It is ironic in a way, and yes I am unabashed fan of irony, that the NFL combine news was overshadowed by a story from BYU, all on the same day CBS and Sports Illustrated released a report on college athletes and criminal records. You see, most of the NFL combine news centers around Cam Newton – the former Auburn quarterback with the rather colorful history. The CBS/SI report is self-explanatory. And then there is the BYU basketball player, Brandon Davies, a starter and major factor in the teams amazing success this season. He was suspended by the team for a violation of the university honor code. Dare I say his actions were hardly the stuff anyone would be suspended for on any other campus.
Brigham Young University is a unique institution, tied directly the The Church of Jesus Christ of Ladder Day Saints and to the church’s values. However, what is interesting is that every university purports to hold the ideal of the “student athlete” sacred, that winning is not above the values and standards of the university. Colleges and universities all proclaim that athletics is tertiary, that academics and producing graduates who are good, productive citizens and future leaders are the real mission.
BYU has enjoyed a great basketball season thus far, and the loss of Brandon Davies clearly is a huge blow to the team and their chances for post season success. We all get it – there is a ton of money tied up in college athletics – it is big business. Billions. Yet BYU took action, an action that will certainly have financial repercussions. And all because the individual in question told them of his actions that caused the violation – in effect a confession. No one would have known – yet he and the university held to their word.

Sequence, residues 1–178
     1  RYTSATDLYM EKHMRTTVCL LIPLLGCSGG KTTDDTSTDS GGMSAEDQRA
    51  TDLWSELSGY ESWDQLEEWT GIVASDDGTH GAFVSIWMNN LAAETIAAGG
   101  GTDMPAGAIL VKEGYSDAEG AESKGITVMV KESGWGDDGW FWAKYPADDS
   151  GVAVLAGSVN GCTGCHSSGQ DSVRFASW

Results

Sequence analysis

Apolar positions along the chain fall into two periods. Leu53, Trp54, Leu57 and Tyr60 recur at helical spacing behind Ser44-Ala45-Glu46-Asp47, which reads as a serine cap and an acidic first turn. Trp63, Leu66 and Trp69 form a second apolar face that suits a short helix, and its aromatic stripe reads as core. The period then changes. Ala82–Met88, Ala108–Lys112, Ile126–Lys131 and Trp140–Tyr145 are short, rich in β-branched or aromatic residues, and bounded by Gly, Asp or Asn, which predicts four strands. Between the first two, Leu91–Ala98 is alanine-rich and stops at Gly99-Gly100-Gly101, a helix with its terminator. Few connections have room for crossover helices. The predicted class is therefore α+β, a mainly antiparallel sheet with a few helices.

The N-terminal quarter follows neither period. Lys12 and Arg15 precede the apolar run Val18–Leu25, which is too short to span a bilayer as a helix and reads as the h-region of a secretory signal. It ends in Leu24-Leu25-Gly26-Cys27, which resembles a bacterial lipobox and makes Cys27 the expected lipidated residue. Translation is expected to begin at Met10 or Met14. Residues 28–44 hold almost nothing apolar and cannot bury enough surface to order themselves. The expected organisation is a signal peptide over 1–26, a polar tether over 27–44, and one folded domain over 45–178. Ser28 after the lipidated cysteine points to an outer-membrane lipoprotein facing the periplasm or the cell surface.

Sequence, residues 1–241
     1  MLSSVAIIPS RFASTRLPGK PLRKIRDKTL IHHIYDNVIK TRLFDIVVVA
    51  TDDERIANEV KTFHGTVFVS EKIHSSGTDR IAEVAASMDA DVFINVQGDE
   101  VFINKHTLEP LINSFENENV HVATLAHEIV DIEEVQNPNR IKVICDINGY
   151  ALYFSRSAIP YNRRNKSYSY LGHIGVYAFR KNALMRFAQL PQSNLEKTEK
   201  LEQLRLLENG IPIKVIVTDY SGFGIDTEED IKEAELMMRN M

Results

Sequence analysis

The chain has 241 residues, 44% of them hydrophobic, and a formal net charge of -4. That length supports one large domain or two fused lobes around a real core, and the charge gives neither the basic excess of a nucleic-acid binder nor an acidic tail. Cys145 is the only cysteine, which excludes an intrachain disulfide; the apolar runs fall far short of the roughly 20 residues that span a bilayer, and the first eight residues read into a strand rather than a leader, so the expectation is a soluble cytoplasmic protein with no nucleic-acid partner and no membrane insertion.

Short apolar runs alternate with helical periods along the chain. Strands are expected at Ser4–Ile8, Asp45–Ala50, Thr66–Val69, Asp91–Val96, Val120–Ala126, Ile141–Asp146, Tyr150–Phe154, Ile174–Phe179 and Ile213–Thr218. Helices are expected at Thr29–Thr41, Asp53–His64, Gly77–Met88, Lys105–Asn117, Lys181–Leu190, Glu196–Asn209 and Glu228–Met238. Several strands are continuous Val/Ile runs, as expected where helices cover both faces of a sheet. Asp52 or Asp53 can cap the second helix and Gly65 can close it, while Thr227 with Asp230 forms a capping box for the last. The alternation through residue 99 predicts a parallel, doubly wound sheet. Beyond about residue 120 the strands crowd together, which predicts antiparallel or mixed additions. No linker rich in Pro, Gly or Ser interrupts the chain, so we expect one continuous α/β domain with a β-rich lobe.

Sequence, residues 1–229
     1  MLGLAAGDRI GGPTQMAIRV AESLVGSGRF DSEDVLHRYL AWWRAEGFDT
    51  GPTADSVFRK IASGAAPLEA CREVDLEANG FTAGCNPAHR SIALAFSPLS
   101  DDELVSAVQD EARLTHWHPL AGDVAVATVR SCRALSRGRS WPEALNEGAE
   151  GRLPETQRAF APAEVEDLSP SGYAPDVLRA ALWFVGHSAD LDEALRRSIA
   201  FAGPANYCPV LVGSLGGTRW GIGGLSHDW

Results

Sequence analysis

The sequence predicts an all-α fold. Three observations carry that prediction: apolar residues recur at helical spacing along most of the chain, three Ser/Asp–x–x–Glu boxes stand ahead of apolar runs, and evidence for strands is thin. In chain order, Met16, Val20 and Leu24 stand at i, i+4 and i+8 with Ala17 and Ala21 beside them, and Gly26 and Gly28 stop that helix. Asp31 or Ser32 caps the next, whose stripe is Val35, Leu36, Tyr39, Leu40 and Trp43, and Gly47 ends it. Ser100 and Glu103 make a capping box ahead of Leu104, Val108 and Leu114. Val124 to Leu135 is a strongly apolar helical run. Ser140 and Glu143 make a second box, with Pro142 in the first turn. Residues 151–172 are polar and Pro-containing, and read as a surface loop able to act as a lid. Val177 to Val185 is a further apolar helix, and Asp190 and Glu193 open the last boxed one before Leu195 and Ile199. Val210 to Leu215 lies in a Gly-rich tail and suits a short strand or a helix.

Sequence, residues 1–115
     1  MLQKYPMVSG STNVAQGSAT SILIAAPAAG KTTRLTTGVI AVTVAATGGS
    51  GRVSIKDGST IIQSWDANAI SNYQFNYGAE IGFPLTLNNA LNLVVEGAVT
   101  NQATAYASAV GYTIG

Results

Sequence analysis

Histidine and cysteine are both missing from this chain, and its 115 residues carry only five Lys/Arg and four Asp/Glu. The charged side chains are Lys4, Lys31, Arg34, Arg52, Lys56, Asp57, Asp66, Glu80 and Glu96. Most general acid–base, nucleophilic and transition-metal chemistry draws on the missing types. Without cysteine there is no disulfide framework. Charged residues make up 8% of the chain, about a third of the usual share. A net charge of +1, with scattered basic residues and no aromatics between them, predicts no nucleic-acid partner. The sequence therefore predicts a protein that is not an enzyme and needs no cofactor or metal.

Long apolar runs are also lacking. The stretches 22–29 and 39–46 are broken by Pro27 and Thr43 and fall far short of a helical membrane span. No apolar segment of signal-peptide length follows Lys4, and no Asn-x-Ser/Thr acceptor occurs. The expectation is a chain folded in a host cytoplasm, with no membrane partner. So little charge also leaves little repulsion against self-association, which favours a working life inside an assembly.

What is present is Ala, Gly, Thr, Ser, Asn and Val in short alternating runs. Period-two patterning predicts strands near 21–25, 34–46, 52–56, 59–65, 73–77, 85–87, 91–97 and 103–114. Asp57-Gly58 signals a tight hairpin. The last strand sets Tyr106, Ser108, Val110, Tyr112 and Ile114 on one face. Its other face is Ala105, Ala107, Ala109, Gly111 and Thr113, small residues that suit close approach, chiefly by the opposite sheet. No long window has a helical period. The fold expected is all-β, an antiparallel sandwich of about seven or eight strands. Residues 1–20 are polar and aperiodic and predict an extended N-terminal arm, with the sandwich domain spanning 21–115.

It is not about the unique and specific Brigham Young University Honor Code and if one agrees or disagrees. It is about the fact that there is a code, that those who willingly attend the university also commit to their code. It is about a university that held to that code – regardless of cost. We are surrounded by corporate “codes of conduct”, of “core values”, of “oaths of office” and a host of laws and standards of behavior. However, we rarely if ever see anyone held to account. Think about it – who from business, sports, or even political office are held to account – ever?
In the end, the question really becomes how committed are you to “walking the walk”? BYU demonstrated they are committed. It was one impressive statement.